It also takes AA batteries, which means it's economical and easy to get extra power when you need it.
I haven't read all your other comments, so apologies for repeating anything.

First of all, when I was obsessively researching before buying my camera (I got a Canon Powershot A710 IS and I'm very happy with it, but my priorities were somewhat different from yours, and this was a couple years ago), here's what I ended up with:

1. My best source for reviews was the Digital Camera Resource Page, and my second best was Digital Camera Reviews. When they agreed, I figured I was onto something.

2. Especially at the first site, each camera review ended with a list of (and links to reviews of) similar cameras of other makes and models. So just find something that's about right, skim the review taking in the points that matter to you, and see what else you get to from there.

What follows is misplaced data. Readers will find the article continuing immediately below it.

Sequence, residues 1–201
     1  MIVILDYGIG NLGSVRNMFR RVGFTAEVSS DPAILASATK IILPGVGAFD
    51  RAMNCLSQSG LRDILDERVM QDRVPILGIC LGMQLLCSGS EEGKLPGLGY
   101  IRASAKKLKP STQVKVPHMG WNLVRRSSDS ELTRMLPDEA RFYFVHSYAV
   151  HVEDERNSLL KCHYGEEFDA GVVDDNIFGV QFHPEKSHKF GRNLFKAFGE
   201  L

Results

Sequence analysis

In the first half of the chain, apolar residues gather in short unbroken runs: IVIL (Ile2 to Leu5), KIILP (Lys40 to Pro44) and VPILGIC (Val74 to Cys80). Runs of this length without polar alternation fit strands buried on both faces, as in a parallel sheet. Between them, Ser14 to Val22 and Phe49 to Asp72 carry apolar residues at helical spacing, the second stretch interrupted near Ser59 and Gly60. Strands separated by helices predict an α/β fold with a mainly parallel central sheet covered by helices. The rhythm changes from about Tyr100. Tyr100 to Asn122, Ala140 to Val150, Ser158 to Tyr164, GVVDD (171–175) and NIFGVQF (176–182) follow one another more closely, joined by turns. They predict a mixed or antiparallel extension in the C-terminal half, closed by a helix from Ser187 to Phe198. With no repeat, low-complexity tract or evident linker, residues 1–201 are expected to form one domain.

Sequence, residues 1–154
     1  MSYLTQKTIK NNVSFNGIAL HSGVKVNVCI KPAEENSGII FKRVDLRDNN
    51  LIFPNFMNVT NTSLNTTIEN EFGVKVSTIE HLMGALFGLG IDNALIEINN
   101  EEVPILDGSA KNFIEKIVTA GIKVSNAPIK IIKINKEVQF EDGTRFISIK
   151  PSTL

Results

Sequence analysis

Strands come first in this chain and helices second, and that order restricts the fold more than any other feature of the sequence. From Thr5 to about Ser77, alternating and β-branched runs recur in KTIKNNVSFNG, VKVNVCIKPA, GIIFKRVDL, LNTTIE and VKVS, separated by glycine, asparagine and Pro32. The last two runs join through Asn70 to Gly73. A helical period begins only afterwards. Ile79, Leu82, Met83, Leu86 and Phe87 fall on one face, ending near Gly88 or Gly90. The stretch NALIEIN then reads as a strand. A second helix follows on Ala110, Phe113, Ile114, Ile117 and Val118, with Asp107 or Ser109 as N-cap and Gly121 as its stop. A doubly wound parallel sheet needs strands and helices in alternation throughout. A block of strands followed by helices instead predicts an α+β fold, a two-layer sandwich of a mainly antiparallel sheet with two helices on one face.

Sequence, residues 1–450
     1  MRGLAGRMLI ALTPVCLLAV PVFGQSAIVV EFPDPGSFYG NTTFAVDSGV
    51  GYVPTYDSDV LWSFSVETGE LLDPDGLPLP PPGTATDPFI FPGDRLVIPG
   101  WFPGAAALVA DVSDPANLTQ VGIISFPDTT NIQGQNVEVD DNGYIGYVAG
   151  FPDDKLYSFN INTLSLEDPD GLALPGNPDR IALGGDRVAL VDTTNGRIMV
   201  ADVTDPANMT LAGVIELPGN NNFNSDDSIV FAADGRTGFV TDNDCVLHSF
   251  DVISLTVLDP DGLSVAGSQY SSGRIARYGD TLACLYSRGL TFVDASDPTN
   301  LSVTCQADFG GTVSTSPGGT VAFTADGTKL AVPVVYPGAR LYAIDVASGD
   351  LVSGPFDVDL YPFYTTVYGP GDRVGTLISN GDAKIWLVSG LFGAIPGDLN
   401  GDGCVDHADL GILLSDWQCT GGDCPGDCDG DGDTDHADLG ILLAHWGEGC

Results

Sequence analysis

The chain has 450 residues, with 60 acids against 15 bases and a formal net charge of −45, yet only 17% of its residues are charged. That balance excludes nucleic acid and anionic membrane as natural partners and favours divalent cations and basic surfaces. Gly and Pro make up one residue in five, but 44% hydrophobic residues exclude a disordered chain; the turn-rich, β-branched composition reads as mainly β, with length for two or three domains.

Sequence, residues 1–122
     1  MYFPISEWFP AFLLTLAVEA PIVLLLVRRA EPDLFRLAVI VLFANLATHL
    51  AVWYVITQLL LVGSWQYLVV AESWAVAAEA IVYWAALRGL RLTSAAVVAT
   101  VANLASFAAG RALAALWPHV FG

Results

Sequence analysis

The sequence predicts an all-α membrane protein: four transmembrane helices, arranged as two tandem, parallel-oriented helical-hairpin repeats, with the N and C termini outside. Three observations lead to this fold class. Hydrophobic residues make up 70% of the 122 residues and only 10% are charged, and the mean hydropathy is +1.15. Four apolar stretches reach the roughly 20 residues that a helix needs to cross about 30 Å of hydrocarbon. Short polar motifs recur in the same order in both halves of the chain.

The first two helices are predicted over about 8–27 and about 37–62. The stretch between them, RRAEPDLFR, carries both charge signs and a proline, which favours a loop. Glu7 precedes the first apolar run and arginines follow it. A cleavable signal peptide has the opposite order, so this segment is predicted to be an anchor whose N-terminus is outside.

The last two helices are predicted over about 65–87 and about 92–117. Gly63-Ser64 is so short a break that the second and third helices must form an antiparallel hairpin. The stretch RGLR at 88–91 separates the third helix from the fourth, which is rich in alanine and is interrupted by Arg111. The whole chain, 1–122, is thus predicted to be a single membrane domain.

3. Unless the technology has changed radically in the last two years, don't go for more than 6 megapixels, because the lenses are too small to support the resolution and you get enough noise to cancel out the benefit of the higher res. I'd aim for between 4 and 6, in your place.

4. GET IMAGE STABILIZATION. I know of no other single feature which does more to improve the quality of non-professional shots. The difference it makes is radical in terms of the clarity of the image. If that's the difference between two cameras, get the one with it. If it costs $40 more, do it. Seriously. When my camera's batteries run low, near the end, the IS drops out, and the difference between the last few shots and all the other ones is really startling.

5. There are a lot of features you already know you don't care about. However, there may also be some features you think you don't care about, but if you read a couple of the reviews (they are long but friendly), you may realize that some of them actually do matter. For instance, the lag time between shots doesn't seem like it would be an issue to anyone but a sports photographer, but if you're, say, taking pictures of people who are not posing for you, it suddenly can become very important.

That's the most important stuff I can think of. Don't buy before you're ready - it's worth the review-reading etc..

Have fun.
Oh, and I bought my camera from http://www.beachcamera.com/, and they were incredibly speedy - much faster than promised - and all 'round good, and their prices were better than anything I could find new in stores.